Mark Houlahan
Tech Editor, Mustang Monthly
January 1, 2013
Photos By: Jerry Heasley

You won't find a brand-X engine under the hood of this fastback, however. Instead, the Tuckers opted for Ford's latest and greatest modular sensation, the '11-'13 Mustang's 5.0L "Coyote" 32-valve, all-aluminum V-8.

This isn't just a production engine from a wrecked Mustang though. You might have jumped ahead, though, looked at the pictures already, and noticed the Roush Yates logos. The folks at Roush Yates are neighbors of DSE (they are in the hotbed of NASCAR country after all) and actually knocked on their door one day looking for help to get into the hotrod engine market. Kyle and Stacy just happened to have a Mustang in the shop with an empty engine bay, and the result is what you see here. The Coyote uses the Boss 302 Mustang intake and special Motec engine management for the Tuckers to get the most out of the engine. However, Roush Yates will be selling the 5.0L modular with a Ford-based engine management similar to Ford Racing's Control Pack system for ease of installation for the masses.

For the rear suspension DSE engineers started with the same QuadraLink product used in other DSE rear suspension packages, revising the architecture to fit the Mustang. A three-link setup was considered, and even track tested (DSE builds a test car for every suspension platform they manufacture). During testing, the DSE Mustang was run with a three-link design, then brought in to swap to the QuadraLink (which took all of 11 minutes!) and hit the track with a fresh set of tires.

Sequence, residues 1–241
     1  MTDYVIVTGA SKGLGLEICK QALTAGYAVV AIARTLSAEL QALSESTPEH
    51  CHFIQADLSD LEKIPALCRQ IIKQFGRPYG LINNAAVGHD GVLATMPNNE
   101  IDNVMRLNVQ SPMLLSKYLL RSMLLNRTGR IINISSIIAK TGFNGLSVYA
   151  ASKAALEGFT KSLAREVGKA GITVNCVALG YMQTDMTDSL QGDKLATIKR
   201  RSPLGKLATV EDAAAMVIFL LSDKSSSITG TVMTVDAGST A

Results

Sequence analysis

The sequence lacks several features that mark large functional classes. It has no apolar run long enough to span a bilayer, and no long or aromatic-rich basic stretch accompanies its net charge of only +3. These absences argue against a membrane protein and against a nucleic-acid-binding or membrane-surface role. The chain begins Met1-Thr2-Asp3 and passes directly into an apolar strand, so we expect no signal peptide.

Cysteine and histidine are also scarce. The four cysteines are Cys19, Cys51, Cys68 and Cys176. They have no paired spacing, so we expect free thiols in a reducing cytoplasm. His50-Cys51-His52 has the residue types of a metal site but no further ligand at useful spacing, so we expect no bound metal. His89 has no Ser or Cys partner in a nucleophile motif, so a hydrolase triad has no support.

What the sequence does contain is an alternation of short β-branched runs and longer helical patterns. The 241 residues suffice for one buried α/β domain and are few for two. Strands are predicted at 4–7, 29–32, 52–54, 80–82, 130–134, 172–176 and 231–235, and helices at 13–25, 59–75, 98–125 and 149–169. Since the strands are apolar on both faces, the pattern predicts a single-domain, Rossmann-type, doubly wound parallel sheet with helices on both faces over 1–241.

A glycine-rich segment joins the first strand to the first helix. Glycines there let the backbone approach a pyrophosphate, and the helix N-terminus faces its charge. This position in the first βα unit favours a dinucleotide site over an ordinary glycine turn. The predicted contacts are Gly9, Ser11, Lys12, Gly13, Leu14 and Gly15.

"We were within tenths of a second of the three-link and it was easier to drive at the edge," Stacy explained. She should know, as both she and Kyle are capable and experienced drivers (Stacy campaigns an FR500S Mustang in the NASA American Iron series). DSE says the QuadraLink also rides better than the typical three-link setups on the market.

The Mustang also helped DSE design subframe connectors, Deep Tubs mini-tub kit to allow wider rear tires, stainless fuel tanks, a two-speed windshield wiper system, and more. Even the custom hood they designed for the Mustang might end up in the catalog, Stacy tells us, as they are currently considering having the hood made as a new stamping.

With 7,000 miles on the Mustang since February 2012, the Mustang has been driven to almost every event it has attended except for those too far away for Kyle and Stacy to be out of the office that long on a road trip (someone has to sign the paychecks right?). Plus the Mustang ate up plenty of track time and autocross laps at each of those events as well without a single failure.

What's next for DSE? Stacy tells us they're looking at adapting their front and rear suspensions to the Falcon and Fairlane chassis, so stay tuned for details if/when that happens.

Oh, and when we asked Ron—a member of the Daytona Mustang Club—if he was going to get his '66 fastback back, he chuckled and said that Kyle offered him a '67 Mustang that they used in the shop to validate fitment of the Mustang front and rear suspensions (their products work on '65-'70 Mustangs). The '67 is currently getting the full DSE catalog thrown at it, while back home in Florida, Ron rebuilt the 302 with Edelbrock aluminum heads and a Comp roller cam. He also bolted up an AOD four-speed automatic to the small-block in anticipation of the '67 coming home to Florida soon.

It looks like Kyle and Stacy aren't the only ones that'll be enjoying a Mustang test mule chock-full of DSE hardware.